Athens, Ga. – A record number of University of Georgia students-10-have been selected to receive scholarships from the Fulbright U.S. Student Program for research, study, or teaching abroad during the 2009-2010 academic year.
Eight of the UGA recipients have accepted the scholarships. The English Teaching Assistantship Grant awardees, who will serve as language-learning assistants in schools or universities, include spring graduates Samantha Haggard of Atlanta, Jason Kim of Martinez, and Kelly Nielsen of Brooklet.
The recipients of the U.S. Student Full Grants for study and research opportunities include doctoral students Christine Beitl of Hasbrouck Heights, N.J., David Porcaro of Winterville, Julie Rushmore of Alpharetta, and Desiree Seponski of Statham, plus Robert Kazer of Roswell, who earned a bachelor’s degree in the spring.
The Fulbright U.S. Student Program, sponsored by the U.S. Department of State, is the largest international exchange program in the country. Created in 1946 to develop cross-cultural understanding and support international cooperation, the program awards approximately 1,500 grants annually and operates in more than 130 countries worldwide.
“The record number of Fulbright grants awarded this year is a testament to our students’ exceptional academic talent, ingenuity, and dedication to service, and is further proof that UGA stands as a leader in international education,” said Maria de Rocher, campus Fulbright U.S. Student Program advisor and program coordinator in the Honors Program.
Haggard, who graduated in May with a master’s degree in foreign language education with teaching certification, will spend a year in Argentina. She has already completed two study-abroad programs to Spain and has teaching experience in K-12 and university classrooms in the fields of Spanish, history, political science, art and mathematics. Haggard previously earned a bachelor’s degree in history with a minor in Spanish from UGA in May 2006.
Kim, who earned bachelor’s degrees in Spanish and criminal justice in May, will be in Portugal for a year. While an undergraduate, Kim served as an English-as-a-second-language conversational tutor to university students and as a volunteer tutor for elementary school children in Athens’ Latino communities through the Oasis Católico Santa Rafaela outreach program. He also served as an English translator for parent-teacher conferences at a local elementary school. He spent part of his senior year in Argentina, taking Spanish language and literature courses at the Universidad de Palermo.
Nielsen, who earned a bachelor’s degree in theatre in May, is currently in Indonesia. While at UGA, Nielsen served as a math and reading/writing tutor for middle and high school students during a summer program at a charter school and, designed and led instruction at a summer day camp for children ages 5-14. Her other travel abroad experiences include a five-week study-abroad program in India and independent travel to Poland and Ukraine.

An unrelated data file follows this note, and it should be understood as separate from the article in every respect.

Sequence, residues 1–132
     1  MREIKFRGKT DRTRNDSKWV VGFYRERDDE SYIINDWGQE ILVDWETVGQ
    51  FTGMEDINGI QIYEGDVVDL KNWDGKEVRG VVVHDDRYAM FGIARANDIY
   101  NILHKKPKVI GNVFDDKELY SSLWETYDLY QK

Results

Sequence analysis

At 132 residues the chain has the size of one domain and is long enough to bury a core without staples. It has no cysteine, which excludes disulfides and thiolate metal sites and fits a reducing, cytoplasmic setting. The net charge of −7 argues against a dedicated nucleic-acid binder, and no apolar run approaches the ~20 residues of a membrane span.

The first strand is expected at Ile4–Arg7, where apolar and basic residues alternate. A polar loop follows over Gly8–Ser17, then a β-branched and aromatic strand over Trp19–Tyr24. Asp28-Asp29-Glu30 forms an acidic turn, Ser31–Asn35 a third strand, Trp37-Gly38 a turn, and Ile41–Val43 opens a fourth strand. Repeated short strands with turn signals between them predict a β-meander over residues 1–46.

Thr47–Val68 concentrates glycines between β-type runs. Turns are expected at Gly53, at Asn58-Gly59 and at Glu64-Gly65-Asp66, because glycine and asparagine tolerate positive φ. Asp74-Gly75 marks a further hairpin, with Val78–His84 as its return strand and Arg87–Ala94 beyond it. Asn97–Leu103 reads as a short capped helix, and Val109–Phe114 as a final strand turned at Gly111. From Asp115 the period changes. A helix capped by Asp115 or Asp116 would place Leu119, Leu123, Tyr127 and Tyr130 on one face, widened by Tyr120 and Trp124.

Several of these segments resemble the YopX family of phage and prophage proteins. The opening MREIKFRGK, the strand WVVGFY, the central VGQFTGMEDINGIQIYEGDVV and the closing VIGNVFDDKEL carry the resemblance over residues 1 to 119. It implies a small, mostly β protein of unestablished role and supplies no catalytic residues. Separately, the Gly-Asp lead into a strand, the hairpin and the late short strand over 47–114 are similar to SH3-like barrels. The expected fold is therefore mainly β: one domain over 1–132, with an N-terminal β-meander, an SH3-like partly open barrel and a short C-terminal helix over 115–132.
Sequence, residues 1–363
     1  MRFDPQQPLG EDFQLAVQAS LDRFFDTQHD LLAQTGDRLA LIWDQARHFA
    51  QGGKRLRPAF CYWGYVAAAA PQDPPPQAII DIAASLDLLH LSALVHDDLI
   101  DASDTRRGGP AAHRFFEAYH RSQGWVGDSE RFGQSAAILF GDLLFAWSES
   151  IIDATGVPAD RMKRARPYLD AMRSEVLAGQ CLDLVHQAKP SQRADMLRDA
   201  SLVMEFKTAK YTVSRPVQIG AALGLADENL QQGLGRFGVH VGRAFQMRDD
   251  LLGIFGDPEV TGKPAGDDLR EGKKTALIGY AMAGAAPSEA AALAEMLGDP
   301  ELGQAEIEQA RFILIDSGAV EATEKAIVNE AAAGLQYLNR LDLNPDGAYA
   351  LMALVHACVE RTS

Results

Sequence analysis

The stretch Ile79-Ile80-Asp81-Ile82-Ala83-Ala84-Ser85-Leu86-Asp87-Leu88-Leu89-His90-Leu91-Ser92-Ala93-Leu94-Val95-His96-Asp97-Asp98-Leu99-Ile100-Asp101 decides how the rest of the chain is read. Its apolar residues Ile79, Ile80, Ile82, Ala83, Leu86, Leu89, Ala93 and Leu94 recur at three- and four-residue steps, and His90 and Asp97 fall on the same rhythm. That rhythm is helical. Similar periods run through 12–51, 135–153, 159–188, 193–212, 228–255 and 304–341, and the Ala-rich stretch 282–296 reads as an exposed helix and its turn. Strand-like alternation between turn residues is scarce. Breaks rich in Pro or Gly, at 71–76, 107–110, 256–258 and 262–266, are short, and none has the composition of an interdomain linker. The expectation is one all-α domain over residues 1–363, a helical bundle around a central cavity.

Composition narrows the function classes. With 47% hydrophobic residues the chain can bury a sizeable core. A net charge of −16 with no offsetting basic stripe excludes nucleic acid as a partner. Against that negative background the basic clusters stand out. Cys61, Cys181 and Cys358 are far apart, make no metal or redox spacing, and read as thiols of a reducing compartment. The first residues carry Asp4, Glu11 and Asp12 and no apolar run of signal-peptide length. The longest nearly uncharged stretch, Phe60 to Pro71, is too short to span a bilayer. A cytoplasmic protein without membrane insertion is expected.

Beitl, who is pursuing a doctorate in ecological and environmental anthropology at UGA, will spend a year in Ecuador. She will investigate how local fishermen in coastal communities adapt to environmental change and work to conserve and protect coastal resources via grassroots movements and organizations. Bietl also was offered the prestigious Fulbright-Hays Doctoral Dissertation Research Award. She holds a master’s degree in Latin American studies from Florida International University.
Porcaro, who is a doctoral student in learning, design and technology in UGA’s College of Education, will travel to Oman for a year. He will focus on creating a multi-media learning module for an existing instructional technology course at Sultan Quaboos University. Porcaro earned a master’s of philosophy degree in oriental studies from the University of Cambridge in England.
Rushmore, who is pursuing a Ph.D. in ecology and a doctorate in veterinary medicine, will spend a year in Uganda. She will be conducting research on how close-contact pathogen transmission rates affect the conservation of African great apes. Rushmore received her bachelor’s degree in biological anthropology and anatomy from Duke University.
Seponski, who is a doctoral student in child and family development in UGA’s College of Family and Consumer Sciences, will travel to Cambodia for a year. Her dissertation research focuses on creating culturally responsive family therapy protocols for Cambodian therapists and clients. Seponski holds a master’s degree in child and family development from UGA.
Kazer, who received a bachelor’s degree in international affairs in May, will spend a year in Jordan. He will conduct research on the origins and establishment of Jordanian domestic policies focused on Iraqi refugees. His analysis will highlight how these policies relate to the country’s experience with Palestinian refugees. He already has studied in Morocco and taken Arabic language courses in Jordan and Yemen.
For more information on the Fulbright-Hays Doctoral Dissertation Research Award, see http://www.ed.gov/programs/iegpsddrap/index.html or contact David A. Knauft, Associate Dean of the Graduate School at firstname.lastname@example.org.